Difference between revisions of "TDMA"

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'''TDMA - Time Division Multiple Access'''
'''Time Division Multiple Access (TDMA)'''

Revision as of 21:39, 5 May 2009

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Time Division Multiple Access (TDMA)

Why use TDMA?

TDMA (Time Division Multiple Access), is used in the largest available networks in the world. It is a digital communication method allowing many users to access a single communication channel. TDMA is aimed at dealing with multiple access to the same communication medium. Each individual user is given a unique time slot within the defined communication channel. This methodology increases the efficiency of transmission by allowing multiple users simultaneous access to a time slot. A significant benefit is TDMA can be easily adapted to transmission of data as well as voice communication. And the reason for choosing TDMA for all these standards is that it enables some vital features for system operation in an advanced cellular or PCS environment.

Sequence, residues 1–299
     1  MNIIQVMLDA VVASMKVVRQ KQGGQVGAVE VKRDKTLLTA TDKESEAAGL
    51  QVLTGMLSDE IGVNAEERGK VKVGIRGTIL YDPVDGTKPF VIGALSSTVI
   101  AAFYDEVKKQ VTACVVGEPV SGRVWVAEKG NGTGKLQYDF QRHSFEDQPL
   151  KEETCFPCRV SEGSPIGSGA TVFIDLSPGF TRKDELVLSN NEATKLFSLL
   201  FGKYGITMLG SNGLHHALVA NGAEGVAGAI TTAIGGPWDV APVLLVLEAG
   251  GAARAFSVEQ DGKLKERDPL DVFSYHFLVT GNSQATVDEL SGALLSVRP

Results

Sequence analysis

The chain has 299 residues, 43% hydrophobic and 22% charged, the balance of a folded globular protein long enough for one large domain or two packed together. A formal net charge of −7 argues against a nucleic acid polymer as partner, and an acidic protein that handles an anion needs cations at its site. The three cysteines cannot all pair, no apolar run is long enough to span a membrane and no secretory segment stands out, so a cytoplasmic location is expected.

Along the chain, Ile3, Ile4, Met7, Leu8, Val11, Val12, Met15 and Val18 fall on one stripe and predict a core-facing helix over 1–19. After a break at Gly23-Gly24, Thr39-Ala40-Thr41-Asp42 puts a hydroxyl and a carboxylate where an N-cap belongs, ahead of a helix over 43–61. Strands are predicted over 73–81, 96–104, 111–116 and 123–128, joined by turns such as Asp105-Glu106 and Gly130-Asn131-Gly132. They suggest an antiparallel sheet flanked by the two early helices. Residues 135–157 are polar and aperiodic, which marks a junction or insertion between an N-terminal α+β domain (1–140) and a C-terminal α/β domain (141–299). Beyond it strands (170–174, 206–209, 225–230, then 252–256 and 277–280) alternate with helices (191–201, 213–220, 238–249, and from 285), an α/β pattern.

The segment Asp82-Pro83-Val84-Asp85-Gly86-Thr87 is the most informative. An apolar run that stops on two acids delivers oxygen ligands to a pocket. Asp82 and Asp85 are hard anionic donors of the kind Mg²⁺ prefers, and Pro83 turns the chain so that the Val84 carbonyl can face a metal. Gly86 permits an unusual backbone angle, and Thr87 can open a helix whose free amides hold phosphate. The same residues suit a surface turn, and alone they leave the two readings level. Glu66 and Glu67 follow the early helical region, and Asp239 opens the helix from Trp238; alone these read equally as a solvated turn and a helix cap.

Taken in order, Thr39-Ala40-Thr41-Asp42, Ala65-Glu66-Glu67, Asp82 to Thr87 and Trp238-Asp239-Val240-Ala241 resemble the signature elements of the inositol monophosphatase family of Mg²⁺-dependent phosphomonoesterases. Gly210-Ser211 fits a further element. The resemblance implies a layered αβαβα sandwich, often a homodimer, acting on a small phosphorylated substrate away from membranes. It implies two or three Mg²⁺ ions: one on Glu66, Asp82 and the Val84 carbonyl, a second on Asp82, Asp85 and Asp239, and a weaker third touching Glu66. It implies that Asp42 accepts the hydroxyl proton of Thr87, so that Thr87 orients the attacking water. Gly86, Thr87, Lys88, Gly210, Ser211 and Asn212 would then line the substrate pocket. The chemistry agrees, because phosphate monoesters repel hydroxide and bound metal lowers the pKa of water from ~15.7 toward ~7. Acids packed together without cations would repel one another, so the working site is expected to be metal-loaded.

TDMA offers the ability to carry date rates of 64 kbps to 120 MBPS, which enables options of communication such as fax, voiceband data, sms, as well as bandwidth intensive apps. TDMA allows the mobile device to have extended battery life, since the cellular device is only transmitting a portion of the time during sessions. In addition, TDMA is the most cost effective technology for upgrading an analog system to digital (http://www.iec.org/online/tutorials/tdma/topic04.html).

How it works

It’s necessary for TDMA to rely upon that fact that the audio signal has been digitized. These signals are divided into a number of milliseconds and distributed into time slots. TDMA is also the access technique used in the European digital cellular standard, GSM, and the Japanese digital standard, personal digital cellular (PDC). A single channel can carry all four conversations if each conversation is divided into relatively short fragments, is assigned a time slot, and is transmitted in synchronized timed. For instance, if there are four people: Jan, Tom, Bill, and Bob making calls, each would be assigned a time slot on a single channel. However, if Bob was no longer using his phone, his time slot would still be used, wasting bandwidth. (http://www.iec.org/online/tutorials/tdma/topic04.html).